Last year after NRF, Jeff and Catherine called my bluff! They asked if I’d seriously want to move to NYC and open an office. I was in shock, but game for a new adventure. I’d been in Austin since I started at UT in 2006 and was ready for a change. NYC seemed like the perfect next step for both Ketner Group and me.

KG: What new opportunities are available to you and KG now that you’re in New York?

Adrienne: It might sound cliché, but the opportunities are truly endless in NYC. From networking to new business to talent and building stronger media relationships, NYC is the perfect place for KG’s own HQ2. In a few short weeks, I’ve already found myself at several networking events and new business prospects are quickly flowing in. I’m particularly excited about building a team here in NYC; the talent pool is huge, especially for PR.

KG: What has the transition to New York been like? What’s been the biggest difference working in NYC versus Austin?

Adrienne: On a personal level, it’s still a bit surreal. I’m currently subletting, and my dog is still in Texas with my parents, so it feels like an extended vacation without all of my normal day-to-day responsibilities.

Transportation. That’s the biggest difference. I LOVE not needing to drive (I don’t love losing my MetroCard…can’t wait until they get everything switched over to digital). Austin really needs to get on board with the whole rail system thing. The one caveat is that you have to be more thoughtful and intentional about your tasks and errands; I can’t just hop in the car and drive to the store every time I need something. Laundry is probably a close second; I used to do laundry daily. Now, I find myself trying to see how long I can go between washes.

KG: How’s your new office? 

Adrienne: Jeff and Catherine gave me the freedom to choose our office. Knowing that I wanted to live uptown and definitely didn’t want to work in midtown, my options were a bit more limited. But I found a great place at The Yard: Lincoln Square. More than any of the other co-working spaces I visited, I felt like it best matched Ketner Group’s vibe. I’m currently in a shared office with a dedicated desk, but will be moving into a private office once we begin expanding our team. And there’s dogs! And espresso! What more could you need?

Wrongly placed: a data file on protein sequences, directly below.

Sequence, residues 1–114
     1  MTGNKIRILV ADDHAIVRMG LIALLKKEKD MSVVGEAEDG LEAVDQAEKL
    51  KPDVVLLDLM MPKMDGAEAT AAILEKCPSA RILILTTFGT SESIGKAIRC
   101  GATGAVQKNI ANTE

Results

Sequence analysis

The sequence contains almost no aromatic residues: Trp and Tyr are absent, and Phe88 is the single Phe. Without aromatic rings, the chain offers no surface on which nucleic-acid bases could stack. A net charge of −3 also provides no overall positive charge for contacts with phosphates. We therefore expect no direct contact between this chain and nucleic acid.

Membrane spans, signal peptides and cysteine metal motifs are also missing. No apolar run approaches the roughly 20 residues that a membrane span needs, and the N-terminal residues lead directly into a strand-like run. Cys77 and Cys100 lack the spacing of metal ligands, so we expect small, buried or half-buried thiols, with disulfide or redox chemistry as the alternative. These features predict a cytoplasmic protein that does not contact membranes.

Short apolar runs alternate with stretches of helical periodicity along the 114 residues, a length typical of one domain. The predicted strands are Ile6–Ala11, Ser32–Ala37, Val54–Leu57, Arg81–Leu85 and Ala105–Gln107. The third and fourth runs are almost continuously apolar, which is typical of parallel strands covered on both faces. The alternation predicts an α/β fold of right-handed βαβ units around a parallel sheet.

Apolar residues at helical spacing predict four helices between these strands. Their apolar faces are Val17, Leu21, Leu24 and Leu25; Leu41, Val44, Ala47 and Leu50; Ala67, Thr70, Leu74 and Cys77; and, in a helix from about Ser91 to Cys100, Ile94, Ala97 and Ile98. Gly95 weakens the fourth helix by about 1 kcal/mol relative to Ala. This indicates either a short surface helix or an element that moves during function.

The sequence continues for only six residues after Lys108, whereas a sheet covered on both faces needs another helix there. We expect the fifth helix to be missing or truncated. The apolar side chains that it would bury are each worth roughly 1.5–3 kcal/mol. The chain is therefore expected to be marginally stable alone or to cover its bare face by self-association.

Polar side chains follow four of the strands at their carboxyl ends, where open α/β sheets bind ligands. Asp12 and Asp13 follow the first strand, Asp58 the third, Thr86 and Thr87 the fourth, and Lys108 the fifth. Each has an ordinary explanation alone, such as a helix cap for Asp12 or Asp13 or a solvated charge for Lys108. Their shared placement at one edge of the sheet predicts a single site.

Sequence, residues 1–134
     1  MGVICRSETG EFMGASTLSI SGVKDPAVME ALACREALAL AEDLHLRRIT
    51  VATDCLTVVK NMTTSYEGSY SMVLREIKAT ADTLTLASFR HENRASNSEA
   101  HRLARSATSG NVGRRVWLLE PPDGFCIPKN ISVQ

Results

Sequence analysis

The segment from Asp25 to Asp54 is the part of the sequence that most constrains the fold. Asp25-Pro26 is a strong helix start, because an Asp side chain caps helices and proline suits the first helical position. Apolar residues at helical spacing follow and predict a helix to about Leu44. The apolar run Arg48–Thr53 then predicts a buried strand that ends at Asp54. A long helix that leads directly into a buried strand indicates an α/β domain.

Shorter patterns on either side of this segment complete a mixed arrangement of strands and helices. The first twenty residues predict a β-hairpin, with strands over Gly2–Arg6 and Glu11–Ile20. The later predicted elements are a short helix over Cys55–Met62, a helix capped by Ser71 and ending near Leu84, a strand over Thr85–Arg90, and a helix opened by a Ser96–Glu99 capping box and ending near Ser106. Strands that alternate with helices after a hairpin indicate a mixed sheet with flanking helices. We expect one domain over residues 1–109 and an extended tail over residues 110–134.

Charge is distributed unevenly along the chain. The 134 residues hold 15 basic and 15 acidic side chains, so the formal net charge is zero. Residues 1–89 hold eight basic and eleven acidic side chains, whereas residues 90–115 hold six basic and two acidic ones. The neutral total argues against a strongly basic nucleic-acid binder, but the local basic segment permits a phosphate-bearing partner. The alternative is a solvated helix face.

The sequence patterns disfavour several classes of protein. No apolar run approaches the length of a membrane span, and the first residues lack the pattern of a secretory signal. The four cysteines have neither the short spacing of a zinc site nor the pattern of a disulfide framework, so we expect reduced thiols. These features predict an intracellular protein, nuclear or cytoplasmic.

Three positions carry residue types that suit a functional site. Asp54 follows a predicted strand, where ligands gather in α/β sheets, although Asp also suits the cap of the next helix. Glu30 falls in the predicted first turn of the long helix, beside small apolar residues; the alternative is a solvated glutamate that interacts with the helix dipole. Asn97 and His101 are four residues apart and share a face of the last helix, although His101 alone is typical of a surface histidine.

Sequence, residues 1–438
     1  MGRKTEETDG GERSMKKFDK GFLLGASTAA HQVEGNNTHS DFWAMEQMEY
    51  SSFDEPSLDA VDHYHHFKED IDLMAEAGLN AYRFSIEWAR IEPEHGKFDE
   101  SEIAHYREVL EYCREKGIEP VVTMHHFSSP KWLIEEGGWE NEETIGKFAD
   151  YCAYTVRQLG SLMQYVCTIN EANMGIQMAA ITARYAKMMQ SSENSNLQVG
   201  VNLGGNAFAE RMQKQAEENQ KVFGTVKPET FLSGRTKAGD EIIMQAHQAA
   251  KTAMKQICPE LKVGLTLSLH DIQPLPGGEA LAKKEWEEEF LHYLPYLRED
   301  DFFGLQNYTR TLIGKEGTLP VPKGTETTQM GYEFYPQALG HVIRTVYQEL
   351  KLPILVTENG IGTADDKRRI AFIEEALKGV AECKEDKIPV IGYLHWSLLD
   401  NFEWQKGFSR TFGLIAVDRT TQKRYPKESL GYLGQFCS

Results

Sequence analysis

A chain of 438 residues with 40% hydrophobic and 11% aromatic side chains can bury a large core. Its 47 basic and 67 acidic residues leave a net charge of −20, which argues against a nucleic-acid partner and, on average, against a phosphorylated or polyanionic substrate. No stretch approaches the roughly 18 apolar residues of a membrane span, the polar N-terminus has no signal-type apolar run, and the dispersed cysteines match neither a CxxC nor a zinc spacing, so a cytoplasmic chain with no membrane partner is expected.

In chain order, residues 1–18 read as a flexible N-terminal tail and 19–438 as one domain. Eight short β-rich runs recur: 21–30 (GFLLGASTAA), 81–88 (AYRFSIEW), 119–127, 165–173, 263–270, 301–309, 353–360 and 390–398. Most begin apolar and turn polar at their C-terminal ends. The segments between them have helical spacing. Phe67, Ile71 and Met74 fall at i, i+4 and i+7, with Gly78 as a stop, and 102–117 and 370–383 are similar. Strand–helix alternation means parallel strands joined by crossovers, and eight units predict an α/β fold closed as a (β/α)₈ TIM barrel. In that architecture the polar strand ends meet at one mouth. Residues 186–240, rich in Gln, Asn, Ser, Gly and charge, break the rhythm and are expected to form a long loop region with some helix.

Adrienne’s view from the office window

KG: What is your favorite part about living in New York so far?  

Adrienne: Right now, everything is new and exciting so it’s hard to choose one favorite part. I love checking out new restaurants and stores, exploring new neighborhoods, making new friends and reconnecting with old ones. In case you were wondering, my least favorite part is grocery shopping, which is disappointing because I actually love going to the grocery store! And it’s not the prices, as you might expect. The problem is the crowds. It seems no matter when you go, it’s a madhouse and the shelves are half empty (maybe a few of our clients can help with that?). I might become a grocery delivery convert, after all.

KG: What are you looking forward to most about living (and/or working) in New York?

Adrienne: Personally, I’m looking forward to finding an apartment! Currently, there are very few listings for March, so I haven’t been able to see many places. As far as work goes, I’m really looking forward to building our team here in NYC and having the ability to regularly connect with our long-time media contacts in person.

NRF 2019

Ketner Group Takes on the NRF Big Show 2019